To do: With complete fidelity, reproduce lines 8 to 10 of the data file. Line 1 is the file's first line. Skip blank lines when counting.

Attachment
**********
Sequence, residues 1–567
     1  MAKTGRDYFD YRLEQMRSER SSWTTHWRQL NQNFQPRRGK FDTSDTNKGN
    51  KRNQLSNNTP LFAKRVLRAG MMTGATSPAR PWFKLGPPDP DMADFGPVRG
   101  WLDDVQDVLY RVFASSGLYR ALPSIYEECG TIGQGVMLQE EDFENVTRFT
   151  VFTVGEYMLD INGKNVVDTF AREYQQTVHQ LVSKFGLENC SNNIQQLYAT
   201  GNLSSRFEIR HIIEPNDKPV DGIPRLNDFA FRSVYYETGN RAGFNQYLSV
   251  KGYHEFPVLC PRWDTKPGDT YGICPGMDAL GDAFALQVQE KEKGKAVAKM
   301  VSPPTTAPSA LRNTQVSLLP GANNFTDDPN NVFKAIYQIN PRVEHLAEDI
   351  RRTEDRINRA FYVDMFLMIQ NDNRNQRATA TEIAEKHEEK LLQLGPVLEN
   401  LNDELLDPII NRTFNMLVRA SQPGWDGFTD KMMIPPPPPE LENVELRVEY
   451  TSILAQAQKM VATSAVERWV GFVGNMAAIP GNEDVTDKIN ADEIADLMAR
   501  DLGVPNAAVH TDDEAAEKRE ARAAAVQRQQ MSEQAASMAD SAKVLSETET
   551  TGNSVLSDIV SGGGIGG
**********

   301  VSPPTTAPSA LRNTQVSLLP GANNFTDDPN NVFKAIYQIN PRVEHLAEDI
   351  RRTEDRINRA FYVDMFLMIQ NDNRNQRATA TEIAEKHEEK LLQLGPVLEN
   401  LNDELLDPII NRTFNMLVRA SQPGWDGFTD KMMIPPPPPE LENVELRVEY